A Twitter Novel
“But bad is just the way I like it,” Geof said, “for I am a knifer of men.” Geof—a bad man—knifed for pleasure, not for justice or for pay.
Geof’s wife wished her husband would stop committing these crimes. At night, she’d look out her window, hoping she wouldn’t see a knifing.
A shriek cut like a knife through the night. But it was not Geof who had knifed this time. The shrieker was Geof himself—a knife in his eye.
With his unknifed eye Geof saw the cackling form of his attacker—the Knifer of Knifers, in a black leather trenchcoat and black leather hat.
Geof lay there in a bleeding pile and swore an oath: “I will have vengeance on the leather-lover, and my own knife will taste his guts.”
“You mustn’t knife another man,” his wife forbade, with loving arms around her husband wrapped.
“I swore an oath,” cried bleeding Geof.
Down the city streets strode Geof, a mission of dark and heinous justice on his tongue and lips. He sought the Knifer-Knifer doggedly.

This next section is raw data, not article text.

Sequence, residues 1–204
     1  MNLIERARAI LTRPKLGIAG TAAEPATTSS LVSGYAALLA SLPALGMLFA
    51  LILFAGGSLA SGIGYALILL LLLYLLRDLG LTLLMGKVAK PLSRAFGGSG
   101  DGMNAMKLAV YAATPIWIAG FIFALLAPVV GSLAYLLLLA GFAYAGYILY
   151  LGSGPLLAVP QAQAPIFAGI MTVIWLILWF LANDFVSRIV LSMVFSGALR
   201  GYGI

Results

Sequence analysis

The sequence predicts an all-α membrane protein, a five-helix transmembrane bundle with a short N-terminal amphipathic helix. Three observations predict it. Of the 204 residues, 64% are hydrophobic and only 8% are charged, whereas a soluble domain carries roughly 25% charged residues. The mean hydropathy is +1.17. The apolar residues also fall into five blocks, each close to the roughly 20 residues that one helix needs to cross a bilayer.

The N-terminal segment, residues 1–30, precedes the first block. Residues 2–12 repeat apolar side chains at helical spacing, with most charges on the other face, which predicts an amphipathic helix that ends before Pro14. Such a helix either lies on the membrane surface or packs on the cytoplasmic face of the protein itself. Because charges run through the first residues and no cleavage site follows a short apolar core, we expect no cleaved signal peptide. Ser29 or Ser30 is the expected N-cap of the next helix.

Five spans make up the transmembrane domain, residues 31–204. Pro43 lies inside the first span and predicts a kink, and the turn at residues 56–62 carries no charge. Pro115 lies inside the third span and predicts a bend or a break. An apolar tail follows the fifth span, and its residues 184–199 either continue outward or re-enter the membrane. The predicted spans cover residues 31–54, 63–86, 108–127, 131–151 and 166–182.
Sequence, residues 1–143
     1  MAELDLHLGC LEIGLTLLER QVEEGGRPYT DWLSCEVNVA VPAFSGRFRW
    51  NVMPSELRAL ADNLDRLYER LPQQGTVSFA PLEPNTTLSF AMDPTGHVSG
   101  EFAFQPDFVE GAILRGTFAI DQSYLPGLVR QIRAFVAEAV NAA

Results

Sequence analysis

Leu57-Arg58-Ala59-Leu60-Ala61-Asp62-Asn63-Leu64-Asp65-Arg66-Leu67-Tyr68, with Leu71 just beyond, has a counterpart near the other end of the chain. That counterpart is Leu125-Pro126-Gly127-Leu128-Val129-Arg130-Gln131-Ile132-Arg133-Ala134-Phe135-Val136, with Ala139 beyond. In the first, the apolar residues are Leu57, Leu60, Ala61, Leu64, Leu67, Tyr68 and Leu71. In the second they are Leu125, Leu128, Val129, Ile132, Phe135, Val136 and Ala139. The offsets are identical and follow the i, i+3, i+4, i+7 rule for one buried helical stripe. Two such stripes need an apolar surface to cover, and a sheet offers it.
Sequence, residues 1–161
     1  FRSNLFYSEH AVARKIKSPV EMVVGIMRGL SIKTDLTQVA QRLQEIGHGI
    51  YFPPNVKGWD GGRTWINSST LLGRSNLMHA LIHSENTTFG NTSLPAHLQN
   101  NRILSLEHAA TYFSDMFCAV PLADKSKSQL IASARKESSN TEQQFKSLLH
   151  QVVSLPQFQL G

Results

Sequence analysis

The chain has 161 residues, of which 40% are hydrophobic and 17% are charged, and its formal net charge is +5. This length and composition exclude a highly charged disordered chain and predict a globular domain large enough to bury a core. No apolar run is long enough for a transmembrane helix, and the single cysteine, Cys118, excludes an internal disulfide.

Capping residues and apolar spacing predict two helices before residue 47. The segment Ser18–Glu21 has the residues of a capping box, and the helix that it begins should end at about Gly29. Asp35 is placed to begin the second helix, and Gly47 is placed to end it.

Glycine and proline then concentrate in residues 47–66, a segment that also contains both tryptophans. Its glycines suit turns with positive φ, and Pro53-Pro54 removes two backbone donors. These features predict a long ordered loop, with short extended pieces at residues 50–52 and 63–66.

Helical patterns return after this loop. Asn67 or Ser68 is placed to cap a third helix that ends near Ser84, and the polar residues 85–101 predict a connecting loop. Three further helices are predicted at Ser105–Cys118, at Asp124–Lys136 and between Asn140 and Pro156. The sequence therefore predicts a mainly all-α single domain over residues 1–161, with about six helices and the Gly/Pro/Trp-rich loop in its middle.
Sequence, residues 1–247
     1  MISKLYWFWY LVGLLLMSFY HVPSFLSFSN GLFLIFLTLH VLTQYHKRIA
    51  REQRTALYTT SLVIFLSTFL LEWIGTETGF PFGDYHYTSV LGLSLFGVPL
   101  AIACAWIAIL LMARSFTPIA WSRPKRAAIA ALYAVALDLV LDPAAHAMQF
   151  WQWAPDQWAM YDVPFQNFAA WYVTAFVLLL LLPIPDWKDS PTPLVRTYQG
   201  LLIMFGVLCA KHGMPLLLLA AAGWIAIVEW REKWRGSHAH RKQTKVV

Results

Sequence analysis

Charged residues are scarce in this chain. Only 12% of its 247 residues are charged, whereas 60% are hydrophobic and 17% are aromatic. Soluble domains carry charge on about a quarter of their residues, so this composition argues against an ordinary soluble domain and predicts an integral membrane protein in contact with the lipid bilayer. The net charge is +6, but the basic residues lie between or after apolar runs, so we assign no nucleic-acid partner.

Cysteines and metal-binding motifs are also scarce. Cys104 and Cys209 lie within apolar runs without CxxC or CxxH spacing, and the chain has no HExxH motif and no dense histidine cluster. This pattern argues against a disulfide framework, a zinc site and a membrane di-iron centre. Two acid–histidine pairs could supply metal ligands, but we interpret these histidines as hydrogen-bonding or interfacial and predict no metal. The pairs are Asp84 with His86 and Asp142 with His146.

He strode into a bar.
“I see on that hat rack a hat that I have seen before,” he said, “But which my knifèd eye shall never see again:
“A leather hat!”
Geof crept along the bar with a watchful look in his good eye. He knew his quarry was near, lurking and drinking in the darkness.
And in the dimmest corner of the place—sure enough!—he found the man. His leather back was turned toward Geof.
Geof knifed at that man.
But the sharpest knife—the surest aim—the foulest rage could not have pierced that leather coat. Geof’s blow glanced off nonlethally.
The man in the leather trenchcoat turned around.
“You thought yourself a Knifer-Knifer-Knifer, hm?”
He plucked the knife from Geof’s hand.
Geof’s wife found him on the barroom floor, with his own blood on his lips, with no knife in his hand.
“Oh, Geof,” Geof’s wife wailed. “You wouldn’t listen.”